The San Francisco 49ers are as close as a team might get to the proverbial “blank slate,” heading into the free agency and the draft. They have a roster of players, some good, some not good, but with a new coaching staff and front office that seemingly has full control of significant roster decision-making, things are going to change.
Considering how the past three years have gone for the 49ers organization, can we even begin to describe the stability of the franchise right now? Earlier this week, old friend Danny Kelly wrote up a ranking of the most to least stable franchises in the NFL. There is nothing too surprising in the rankings. The New England Patriots and Seattle Seahawks are at the top, and the San Francisco 49ers are at the bottom. He had this to say about the 49ers
The 49ers burned it all down and are starting from scratch. New to the team this year is a first-time GM with no scouting or managerial experience in John Lynch, who will pair with first-time head coach Kyle Shanahan to try to build a competitive roster. They’re part of an … interesting power structure in which each has veto power over the other. Considering this franchise’s recent history, that’s sure to go well. Shanahan’s a great play caller but he doesn’t have a clear-cut quarterback (Colin Kaepernick is a big question mark and Blaine Gabbert and Christian Ponder are both free agents) or any elite playmakers. Stable is the last word we’d use to describe the situation in San Francisco.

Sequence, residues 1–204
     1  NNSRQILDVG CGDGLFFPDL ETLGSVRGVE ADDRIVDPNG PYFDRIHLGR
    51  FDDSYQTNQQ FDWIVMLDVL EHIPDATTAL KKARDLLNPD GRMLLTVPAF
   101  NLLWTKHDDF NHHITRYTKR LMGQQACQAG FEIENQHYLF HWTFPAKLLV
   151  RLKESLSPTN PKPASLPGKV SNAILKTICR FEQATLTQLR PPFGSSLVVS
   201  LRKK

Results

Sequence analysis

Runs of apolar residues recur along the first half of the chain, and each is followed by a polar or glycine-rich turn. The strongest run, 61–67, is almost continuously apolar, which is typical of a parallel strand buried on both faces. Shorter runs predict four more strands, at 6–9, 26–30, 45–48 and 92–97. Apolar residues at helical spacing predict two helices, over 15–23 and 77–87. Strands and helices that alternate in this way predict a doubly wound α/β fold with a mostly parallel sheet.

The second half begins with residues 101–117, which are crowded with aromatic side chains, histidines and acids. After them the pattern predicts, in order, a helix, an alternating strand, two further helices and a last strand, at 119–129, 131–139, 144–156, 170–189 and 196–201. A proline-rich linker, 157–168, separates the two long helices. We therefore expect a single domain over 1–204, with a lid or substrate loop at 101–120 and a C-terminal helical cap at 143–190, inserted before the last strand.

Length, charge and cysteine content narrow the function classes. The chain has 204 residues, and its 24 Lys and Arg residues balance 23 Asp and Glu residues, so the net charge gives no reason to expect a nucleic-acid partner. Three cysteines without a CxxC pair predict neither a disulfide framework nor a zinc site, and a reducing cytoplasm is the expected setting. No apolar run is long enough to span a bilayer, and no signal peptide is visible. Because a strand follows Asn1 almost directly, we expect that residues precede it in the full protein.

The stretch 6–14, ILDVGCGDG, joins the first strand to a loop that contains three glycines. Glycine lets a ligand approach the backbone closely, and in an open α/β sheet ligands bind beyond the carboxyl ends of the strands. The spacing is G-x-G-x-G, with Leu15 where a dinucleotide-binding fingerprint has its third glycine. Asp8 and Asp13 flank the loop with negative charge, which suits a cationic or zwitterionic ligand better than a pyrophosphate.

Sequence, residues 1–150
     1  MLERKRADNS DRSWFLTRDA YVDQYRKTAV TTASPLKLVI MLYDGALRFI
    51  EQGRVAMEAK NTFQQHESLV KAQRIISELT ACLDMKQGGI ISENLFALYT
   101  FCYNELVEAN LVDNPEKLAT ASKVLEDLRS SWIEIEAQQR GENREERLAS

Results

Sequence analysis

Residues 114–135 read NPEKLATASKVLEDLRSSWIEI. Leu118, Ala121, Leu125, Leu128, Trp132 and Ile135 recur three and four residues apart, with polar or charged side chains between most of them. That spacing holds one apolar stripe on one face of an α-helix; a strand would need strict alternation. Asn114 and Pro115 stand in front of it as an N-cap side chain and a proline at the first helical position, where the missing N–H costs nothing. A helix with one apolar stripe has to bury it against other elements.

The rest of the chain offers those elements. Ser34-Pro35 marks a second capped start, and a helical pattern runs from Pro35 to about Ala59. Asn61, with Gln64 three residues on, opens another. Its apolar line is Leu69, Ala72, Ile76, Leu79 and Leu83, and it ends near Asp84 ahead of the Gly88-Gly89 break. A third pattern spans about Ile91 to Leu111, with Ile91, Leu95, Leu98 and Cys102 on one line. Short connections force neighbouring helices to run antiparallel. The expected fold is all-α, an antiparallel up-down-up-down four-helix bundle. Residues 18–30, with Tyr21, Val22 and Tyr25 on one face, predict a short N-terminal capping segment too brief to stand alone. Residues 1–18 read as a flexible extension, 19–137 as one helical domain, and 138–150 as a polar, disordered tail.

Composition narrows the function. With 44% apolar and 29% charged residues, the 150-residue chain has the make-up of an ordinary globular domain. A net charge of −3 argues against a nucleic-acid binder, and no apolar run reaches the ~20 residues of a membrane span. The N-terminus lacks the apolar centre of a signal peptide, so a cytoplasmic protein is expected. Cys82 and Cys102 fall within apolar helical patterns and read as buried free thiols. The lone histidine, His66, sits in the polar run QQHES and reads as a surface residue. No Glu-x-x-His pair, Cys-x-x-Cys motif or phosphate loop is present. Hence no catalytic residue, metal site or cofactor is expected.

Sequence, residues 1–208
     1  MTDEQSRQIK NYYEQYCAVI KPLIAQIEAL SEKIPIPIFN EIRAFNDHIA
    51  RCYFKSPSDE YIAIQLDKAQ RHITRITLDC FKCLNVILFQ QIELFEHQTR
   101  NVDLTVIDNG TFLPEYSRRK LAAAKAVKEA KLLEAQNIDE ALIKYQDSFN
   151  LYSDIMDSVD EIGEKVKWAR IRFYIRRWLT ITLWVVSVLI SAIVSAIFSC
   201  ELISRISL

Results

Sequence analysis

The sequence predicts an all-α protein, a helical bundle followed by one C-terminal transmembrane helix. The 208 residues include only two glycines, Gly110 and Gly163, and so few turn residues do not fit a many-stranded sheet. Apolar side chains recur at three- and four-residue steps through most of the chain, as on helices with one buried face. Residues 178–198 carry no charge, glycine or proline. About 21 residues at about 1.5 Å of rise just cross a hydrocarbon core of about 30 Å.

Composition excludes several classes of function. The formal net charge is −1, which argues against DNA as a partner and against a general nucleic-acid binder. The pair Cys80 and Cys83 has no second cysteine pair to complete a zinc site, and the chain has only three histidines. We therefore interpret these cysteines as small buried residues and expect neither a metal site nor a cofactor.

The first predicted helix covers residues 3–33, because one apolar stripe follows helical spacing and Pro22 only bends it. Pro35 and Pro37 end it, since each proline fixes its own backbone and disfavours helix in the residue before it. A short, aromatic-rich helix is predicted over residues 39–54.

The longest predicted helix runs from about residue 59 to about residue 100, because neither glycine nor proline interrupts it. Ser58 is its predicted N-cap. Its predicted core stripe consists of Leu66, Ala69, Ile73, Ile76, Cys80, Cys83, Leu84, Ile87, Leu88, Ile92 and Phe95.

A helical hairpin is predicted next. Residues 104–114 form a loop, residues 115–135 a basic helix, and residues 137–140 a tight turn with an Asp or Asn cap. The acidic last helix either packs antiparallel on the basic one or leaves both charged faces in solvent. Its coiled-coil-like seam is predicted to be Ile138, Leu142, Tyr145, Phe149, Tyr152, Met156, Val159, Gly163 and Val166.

I think most of us have gotten fairly comfortable with the current arrangement to a certain extent. However, it is hard to say anything with certainty given how much change we witnessed, and the uncertainty surrounding a first time head coach and a GM who has never worked in personnel before. For someone looking on from outside, I can see why they would be skeptical of the situation.
In some ways, the 49ers football operations are much like an expansion team. They have some carry-over in terms of players, and an expansion team would not have some of the quality the 49ers have in guys like DeForest Buckner and Arik Armstead, Carlos Hyde, NaVorro Bowman, and so forth. But, the point still stands, this is a team starting from as close to scratch as an existing NFL franchise can start.
How long it takes to return to the top is entirely unknown, and whether or not this duo will work out is impossible to answer right now. I am cautiously optimistic based on what we have seen and heard thus far. It is mostly words, but the addition of Adam Peters is a solid early move from Lynch. Now, we wait for free agency and the draft to see just what this new-look team can do when it matters most.